"Normal" Turkish fans hold no Swiss grudge


A Turkish journalist predicts minimal hostility directed at Swiss players and fans when the sides meet for the first time since their bad-tempered clash in 2005.

This content was published on June 10, 2008 minutes

Emek Ege told swissinfo that most Turkish fans blame the national team coach, Fatih Terim, for the violent scenes at the end of the match in Istanbul. Switzerland play Turkey in a pivotal Euro 2008 group match on Wednesday.

Their previous encounter ended in an unsightly fracas between players and staff from both sides as Switzerland qualified for the 2006 World Cup at Turkey's expense, after a thrilling game.

Memories of those infamous scenes and the resulting punishments are still fresh in the minds of Turkish fans, according to Ege, a television journalist from the NTV station.

Fifa, world football's governing body, fined Turkey SFr200,000 ($192,000), forced it to play its next six international matches behind closed doors and handed out six-match bans to two Turks and one Swiss.

But Ege insists that the majority of fans blame Terim for inciting his players with perceived injustices from the first leg in Bern.

"Of course we have some fanatics, but most normal fans have no bad feelings towards Switzerland," Ege said. "Most of the anger is directed at Terim because he over-motivated his players by bringing up some bad memories from the first game in Switzerland."

He adds however that being forced to play six matches behind closed doors is still a source of frustration for many fans who were well behaved on the night.

"We've always had problems in Turkey with our fans but on this occasion it was the players who were at fault. The stands were packed, but on this occasion they did nothing and they were still punished."


Not many Turks believe their team will qualify from a group that also contains Portugal and the Czech Republic, according to Ege. But he thinks the Swiss match represents the best opportunity of returning home with points in the bank and some pride intact.

He says that matches against European opposition have taken on a greater significance since relations between Turkey and the European Union became strained recently. The fact that Switzerland is not in the EU does not appear to complicate this thinking.

"Sport is the only platform that we can use to compete head to head against Europe," he said.

A win on Wednesday would be more important for people with Turkish roots living in Switzerland than those residing in their native country, Ege believes.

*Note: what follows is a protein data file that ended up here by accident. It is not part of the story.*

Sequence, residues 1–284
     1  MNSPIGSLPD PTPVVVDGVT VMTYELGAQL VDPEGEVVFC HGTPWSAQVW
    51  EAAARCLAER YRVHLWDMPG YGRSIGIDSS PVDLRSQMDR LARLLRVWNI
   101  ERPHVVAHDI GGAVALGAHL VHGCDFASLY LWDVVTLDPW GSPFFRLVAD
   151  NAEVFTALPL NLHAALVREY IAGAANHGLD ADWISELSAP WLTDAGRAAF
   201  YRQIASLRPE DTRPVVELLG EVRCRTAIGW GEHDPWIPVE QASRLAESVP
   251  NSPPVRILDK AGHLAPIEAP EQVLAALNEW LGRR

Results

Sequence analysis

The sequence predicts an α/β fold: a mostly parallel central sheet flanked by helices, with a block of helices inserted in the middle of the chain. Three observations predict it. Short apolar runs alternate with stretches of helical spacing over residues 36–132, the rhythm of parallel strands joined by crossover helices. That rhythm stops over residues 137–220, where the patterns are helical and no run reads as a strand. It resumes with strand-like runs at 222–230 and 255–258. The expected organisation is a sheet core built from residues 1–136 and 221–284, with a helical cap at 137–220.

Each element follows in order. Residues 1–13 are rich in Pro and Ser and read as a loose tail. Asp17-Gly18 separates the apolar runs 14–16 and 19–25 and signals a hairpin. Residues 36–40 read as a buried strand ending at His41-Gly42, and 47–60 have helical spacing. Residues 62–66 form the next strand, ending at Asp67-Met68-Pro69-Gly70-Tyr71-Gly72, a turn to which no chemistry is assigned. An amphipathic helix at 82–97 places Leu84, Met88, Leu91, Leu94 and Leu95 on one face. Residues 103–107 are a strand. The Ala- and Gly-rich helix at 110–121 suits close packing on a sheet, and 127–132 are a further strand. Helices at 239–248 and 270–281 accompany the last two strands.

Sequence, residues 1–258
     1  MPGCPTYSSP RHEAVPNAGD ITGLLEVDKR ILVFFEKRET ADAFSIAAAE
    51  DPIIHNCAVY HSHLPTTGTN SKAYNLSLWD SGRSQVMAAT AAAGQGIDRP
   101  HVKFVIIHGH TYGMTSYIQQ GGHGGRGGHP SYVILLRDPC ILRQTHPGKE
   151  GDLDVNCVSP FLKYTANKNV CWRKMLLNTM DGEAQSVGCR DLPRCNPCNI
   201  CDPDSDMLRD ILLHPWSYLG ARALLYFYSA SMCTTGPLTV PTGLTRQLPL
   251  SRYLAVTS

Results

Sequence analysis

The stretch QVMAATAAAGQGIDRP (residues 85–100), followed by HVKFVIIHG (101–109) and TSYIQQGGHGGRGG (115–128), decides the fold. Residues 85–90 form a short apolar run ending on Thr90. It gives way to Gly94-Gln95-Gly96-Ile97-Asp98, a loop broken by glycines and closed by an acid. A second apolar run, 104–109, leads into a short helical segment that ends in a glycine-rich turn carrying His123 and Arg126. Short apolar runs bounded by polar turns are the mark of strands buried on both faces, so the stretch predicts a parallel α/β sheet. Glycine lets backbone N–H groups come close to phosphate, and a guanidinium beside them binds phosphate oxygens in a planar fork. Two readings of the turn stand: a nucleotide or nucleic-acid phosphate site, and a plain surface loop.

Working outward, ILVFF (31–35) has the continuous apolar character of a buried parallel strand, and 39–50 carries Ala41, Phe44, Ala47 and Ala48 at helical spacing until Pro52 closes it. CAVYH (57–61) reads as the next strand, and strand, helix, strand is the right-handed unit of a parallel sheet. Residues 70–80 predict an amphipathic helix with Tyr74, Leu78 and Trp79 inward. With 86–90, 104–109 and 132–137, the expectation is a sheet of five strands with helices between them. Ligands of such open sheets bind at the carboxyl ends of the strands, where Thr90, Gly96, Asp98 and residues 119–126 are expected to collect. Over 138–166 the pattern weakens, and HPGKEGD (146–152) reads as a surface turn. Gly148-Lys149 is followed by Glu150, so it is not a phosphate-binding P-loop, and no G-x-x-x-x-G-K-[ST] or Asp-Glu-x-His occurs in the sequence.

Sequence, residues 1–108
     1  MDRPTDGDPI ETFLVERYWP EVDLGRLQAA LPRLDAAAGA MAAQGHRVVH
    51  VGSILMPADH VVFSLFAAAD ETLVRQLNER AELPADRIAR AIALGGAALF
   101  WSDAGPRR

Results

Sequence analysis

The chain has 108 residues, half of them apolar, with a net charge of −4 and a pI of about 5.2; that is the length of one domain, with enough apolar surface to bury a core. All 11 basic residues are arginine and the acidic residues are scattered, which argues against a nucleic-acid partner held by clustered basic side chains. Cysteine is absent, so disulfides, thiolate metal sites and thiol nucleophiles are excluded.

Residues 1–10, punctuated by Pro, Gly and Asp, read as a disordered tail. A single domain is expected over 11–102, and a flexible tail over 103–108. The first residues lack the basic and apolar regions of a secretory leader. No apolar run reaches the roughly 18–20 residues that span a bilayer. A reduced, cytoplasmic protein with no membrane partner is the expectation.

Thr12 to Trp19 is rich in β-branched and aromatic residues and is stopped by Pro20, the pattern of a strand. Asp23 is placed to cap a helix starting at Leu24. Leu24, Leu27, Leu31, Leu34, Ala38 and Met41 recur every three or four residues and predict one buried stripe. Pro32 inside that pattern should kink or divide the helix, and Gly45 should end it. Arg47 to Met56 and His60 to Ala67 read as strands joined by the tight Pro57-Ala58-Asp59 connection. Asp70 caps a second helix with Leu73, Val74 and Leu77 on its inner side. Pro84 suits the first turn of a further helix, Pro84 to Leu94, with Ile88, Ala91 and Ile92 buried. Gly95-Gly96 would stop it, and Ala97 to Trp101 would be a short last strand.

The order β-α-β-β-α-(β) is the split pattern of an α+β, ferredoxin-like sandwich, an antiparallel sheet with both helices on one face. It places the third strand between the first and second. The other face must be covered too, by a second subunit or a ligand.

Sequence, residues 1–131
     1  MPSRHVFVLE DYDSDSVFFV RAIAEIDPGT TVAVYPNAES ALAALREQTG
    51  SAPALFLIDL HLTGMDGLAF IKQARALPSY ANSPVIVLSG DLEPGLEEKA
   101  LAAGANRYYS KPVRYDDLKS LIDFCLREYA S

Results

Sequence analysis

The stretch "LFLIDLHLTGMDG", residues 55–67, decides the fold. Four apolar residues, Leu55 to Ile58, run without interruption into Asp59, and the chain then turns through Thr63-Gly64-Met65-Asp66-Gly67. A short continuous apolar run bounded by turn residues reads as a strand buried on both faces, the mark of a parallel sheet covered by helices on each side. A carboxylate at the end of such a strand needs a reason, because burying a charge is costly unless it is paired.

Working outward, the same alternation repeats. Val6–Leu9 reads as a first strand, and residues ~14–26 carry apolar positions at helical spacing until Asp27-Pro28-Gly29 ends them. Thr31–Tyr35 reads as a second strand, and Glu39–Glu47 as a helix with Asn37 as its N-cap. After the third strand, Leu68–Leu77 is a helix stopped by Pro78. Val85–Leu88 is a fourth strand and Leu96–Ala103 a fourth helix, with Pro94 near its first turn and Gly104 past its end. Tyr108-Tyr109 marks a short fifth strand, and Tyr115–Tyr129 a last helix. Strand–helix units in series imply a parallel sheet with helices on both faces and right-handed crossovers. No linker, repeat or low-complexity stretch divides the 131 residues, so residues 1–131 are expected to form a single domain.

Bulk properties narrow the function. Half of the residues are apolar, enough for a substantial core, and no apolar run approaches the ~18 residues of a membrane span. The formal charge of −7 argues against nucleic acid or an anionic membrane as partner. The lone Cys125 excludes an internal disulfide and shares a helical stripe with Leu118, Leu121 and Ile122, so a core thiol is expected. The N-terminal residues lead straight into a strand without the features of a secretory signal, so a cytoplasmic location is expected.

"They want to win against Switzerland because they don't want to be on the receiving end of bad jokes. It is hard to be a Turk because nobody loves us," he said.

"Second-generation Turkish people living abroad are different from those still in Turkey so it would also be a means of connecting with their identity."

The Swiss side contains three players with Turkish roots – Gökhan Inler, Hakan Yakin and Eren Derdiyok. But Ege does not think they will be targeted by Turkish fans.

"Some people wish Derdiyok would play for Turkey but we can understand that if they live in another country they would want to play for that team. They have every right to play for Switzerland, but of course we are disappointed," he said.

swissinfo, Matthew Allen

Turkey, Euro 2008 and the World Cup

In the qualifying matches for Euro 2008 Turkey finished second in their group behind defending champions, Greece.

Like Switzerland, Turkey's first European championship final was in England in 1996, where both were eliminated in the qualifying round.

Turkey qualified again for the 2000 championship held in Belgium and the Netherlands, where they reached the quarterfinals but were defeated 2-0 by Portugal.

Turkey have twice played in a World Cup: in Switzerland in 1954 and again in 2002 where they finished third.

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Switzerland vs Turkey

Switzerland play Turkey in Basel on Wednesday during the second set of games in Group A at Euro 2008. Both teams lost their opening matches on June 7.

The sides have met on 14 previous occasions, with Turkey winning seven times and Switzerland on four occasions. Both teams have scored 19 goals against each other during those matches.

The previous time the sides met was the now infamous World Cup second-leg qualifying match in Istanbul in November 2005.

Switzerland lost the dramatic match 4-2, but qualified for the 2006 World Cup finals in Germany thanks to a 2-0 win in the first leg in Bern.

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